Celebrating American Literature on July 4th

Before I begin this one, I’d like to dedicate it to all my American followers. I’d also like to clarify the following, before someone is nice enough to point them out to me:
-I am not American. I am perfectly aware of this.
-As a History student, I am fully aware that you’re celebrating gaining independence from Brits like myself.
But, neither of these things stops me loving America! Having visited five times (with hopes of visiting again over the next few years), it’s definitely my favourite place for a holiday. In fact, I decided to write this post after reflecting what I was doing a year ago today- watching the Fourth of July fireworks in Disney’s Magic Kingdom, Florida! (They were honestly the most beautiful things I’ve ever seen, and I wish my photos did them justice, but have one anyway because they’re still pretty!)


So, how does an English book blogger pay tribute to her American friends on Independence Day? By discussing some of my favourite novels and the states they made famous!

The only item of clothing I own with any kind of flag on it… Feel honoured, America!

Without further ado, let’s get to the point of the post:
1, To Kill a Mockingbird by Harper Lee (set in Alabama)
Is this a cliché choice? Probably, but that’s because this is the greatest American book, or maybe even the greatest book full stop, of all time. End of. Lee was a truly gifted storyteller, accomplishing the amazing feat of making racists in 1960’s America actually sympathise with the plight of a persecuted black man. I challenge anyone not to be deeply moved as we hear Tom Robinson’s tale told from the perspective of Scout- a feisty, blunt child who cannot understand why Robinson’s skin colour is an issue. As an added bonus, this is the book that brought us Atticus Finch, the best literary hero of all time. The only thing wrong with this book is that it still feels relevant in today’s society.
2. Gone with the Wind by Margaret Mitchell (set in Georgia)
In this novel, the love story of Scarlett O’Hara, a beautiful but spoiled Southern ‘belle’, and Rhett Butler, a controversial blockade runner who is captivated by her charms, plays out against the backdrop of the American Civil War, showcasing the devastation the South felt after their defeat. In its way, it’s a very political novel, as it attempts to show why the Confederacy championed slavery. To a rational mind, that answer is never really given, although this is the only novel that has ever made me feel some sympathy towards the South, as we are shown how many young men were brainwashed into fighting for ‘the Cause’, and lost their lives as a result. Even if the politics doesn’t interest you at all, the love story will- until this one, I’d never read a book where a couple seems to love and hate each other in equal measures, and to passionate extremes.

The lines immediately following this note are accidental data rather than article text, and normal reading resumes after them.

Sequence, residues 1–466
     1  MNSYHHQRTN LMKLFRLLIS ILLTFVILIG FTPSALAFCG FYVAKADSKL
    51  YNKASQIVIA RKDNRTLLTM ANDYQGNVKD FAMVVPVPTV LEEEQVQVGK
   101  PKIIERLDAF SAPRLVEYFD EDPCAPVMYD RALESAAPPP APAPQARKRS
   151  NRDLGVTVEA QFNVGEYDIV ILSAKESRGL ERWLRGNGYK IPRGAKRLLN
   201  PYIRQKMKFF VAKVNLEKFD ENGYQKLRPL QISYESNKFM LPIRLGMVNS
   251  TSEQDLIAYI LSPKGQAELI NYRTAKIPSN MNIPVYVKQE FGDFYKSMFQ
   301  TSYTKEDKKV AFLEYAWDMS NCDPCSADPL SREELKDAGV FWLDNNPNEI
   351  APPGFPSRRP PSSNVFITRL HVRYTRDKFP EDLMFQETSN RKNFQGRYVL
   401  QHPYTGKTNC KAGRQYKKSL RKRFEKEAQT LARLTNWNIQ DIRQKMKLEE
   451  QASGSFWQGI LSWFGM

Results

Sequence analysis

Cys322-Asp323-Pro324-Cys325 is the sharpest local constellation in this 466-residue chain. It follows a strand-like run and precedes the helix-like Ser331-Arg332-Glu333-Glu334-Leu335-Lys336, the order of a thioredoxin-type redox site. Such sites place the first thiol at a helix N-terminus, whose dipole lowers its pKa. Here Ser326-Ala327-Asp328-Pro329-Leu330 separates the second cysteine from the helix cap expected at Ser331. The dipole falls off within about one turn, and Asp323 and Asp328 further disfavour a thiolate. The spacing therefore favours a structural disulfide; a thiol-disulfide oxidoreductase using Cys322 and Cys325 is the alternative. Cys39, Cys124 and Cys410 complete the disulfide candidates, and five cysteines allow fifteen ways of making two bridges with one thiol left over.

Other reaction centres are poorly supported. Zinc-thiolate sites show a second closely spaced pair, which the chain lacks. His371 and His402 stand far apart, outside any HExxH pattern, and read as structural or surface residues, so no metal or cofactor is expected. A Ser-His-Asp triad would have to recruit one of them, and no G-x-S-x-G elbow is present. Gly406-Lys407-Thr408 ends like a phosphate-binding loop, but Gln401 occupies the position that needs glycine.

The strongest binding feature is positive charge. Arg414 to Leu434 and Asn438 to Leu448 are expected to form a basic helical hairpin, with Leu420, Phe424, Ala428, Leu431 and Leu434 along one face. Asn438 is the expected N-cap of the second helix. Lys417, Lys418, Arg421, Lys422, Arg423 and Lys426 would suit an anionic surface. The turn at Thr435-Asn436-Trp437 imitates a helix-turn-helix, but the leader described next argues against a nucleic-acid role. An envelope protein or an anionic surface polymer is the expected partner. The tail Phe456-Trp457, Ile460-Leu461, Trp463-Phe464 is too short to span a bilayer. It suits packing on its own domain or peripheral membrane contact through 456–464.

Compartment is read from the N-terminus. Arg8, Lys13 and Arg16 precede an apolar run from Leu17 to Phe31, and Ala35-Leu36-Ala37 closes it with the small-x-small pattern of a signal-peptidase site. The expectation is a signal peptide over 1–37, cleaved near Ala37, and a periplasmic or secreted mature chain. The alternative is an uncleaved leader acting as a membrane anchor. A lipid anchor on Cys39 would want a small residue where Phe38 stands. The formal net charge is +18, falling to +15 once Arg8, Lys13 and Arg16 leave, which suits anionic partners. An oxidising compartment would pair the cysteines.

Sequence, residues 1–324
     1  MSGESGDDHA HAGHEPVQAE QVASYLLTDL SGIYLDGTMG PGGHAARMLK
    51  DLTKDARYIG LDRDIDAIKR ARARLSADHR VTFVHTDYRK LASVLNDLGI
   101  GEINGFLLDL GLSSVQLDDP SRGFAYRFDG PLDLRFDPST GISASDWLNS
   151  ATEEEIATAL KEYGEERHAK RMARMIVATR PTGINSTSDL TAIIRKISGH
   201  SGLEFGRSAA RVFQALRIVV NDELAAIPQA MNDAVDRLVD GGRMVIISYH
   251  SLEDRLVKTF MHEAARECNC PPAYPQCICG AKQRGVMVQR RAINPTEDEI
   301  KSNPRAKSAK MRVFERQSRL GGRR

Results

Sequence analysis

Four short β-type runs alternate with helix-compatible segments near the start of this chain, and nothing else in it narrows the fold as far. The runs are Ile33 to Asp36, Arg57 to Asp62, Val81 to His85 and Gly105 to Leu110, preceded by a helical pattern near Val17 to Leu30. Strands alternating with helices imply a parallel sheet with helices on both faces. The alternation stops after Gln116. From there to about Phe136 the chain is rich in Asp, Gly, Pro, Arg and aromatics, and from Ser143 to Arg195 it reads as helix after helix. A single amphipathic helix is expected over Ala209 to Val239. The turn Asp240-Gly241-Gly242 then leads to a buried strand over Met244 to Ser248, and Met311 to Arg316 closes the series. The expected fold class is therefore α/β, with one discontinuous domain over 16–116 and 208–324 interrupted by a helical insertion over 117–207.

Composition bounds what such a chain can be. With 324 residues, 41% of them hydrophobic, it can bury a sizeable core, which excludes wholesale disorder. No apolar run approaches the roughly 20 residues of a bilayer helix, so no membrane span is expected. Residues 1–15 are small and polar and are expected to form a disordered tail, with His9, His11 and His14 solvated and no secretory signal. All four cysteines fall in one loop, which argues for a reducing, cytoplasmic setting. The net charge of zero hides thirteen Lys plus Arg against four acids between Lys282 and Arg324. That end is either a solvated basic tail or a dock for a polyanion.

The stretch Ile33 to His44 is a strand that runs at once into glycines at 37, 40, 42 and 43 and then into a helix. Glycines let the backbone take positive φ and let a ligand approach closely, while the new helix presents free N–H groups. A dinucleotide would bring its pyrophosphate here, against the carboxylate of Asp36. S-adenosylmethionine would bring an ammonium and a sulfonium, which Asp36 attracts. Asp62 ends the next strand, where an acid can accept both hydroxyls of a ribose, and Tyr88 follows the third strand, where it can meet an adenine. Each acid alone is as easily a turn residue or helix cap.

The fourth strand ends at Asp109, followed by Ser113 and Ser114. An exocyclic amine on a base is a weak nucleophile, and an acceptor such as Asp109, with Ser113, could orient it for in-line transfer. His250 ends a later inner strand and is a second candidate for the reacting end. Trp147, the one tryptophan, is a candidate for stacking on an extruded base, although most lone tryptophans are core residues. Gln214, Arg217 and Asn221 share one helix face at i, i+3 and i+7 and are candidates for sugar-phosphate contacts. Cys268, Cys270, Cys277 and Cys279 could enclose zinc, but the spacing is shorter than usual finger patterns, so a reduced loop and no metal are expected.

3. The Great Gatsby by F. Scott Fitzgerald (set in New York)
One of my favourite bookish experiences ever would have to be sitting on a plane, watching New York’s iconic skyline approach whilst reading this book. Describing the playboy lifestyle of Jay Gatsby, and the romantic places he visits with his lover Daisy, Fitzgerald simply captures life in New York City, and all the amazing experiences one can have there. It helps that the action takes place in the 1920’s, featuring beautiful accounts of dancing and cocktail parties. This is another novel I would call one of America’s best, and I think a big reason for that is its enthralling description of such an iconic, quintessentially American location. Potential readers should be warned- at best, this book will leave you in the mood for a 1920’s style cocktail or too, at worst, you’ll be left with a burning desire to get on the next plane bound for NYC!
4. Breakfast at Tiffany’s by Truman Capote (set in New York)
Having covered Harper Lee, we’ll move on to her childhood best friend Truman Capote, with another obvious choice when discussing portrayals of America’s most famous city- its title even namedrops one of New York’s many tourist hotspots! In terms of the characters and the storyline, I must confess endless pages of Holly being romanced by rich men didn’t really enthral me. Yet, this repetitive lifestyle did facilitate description of just how the 1960’s upper classes lived in New York, helped by the fact the author famously knew how to make the most of the city himself. Like The Great Gatsby, this one should definitely come with a free cocktail (although I’d argue it’s a lot less iconic)!
5. Wild by Cheryl Strayed (features California and Oregon)                                                  This may seem like an unusual choice when discussing great American novels, not least because all the others I have mentioned are works of fiction, but on a personal level, this may well be the one that has inspired me most, so I saved the most meaningful until last. I have always loved both walking- a passion I share with my best friend- and travel, and this book combines both. It is the autobiographical story of Strayed, who decided to distract herself from the breakdown of her marriage by walking the Pacific Crest Trail, a monumental hike that involves walking the Pacific coast of the US. For the past several years, my friend and I have always had the ultimate goal of completing a long-distance hike, the type that takes months and is a real adventure. After reading this book, drooling over Strayed’s stunning description of the natural wonders she encountered on the trail, I knew this was the walk for us. Ever since then, it’s been our dream to complete the hike… although we’d maybe like to be a little bit more prepared than Strayed herself was!


4 thoughts on “Celebrating American Literature on July 4th

      1. Funnily enough, I feel exactly the same! I love Gatsby, but I’m just not quite sure it cab top TKAM for me

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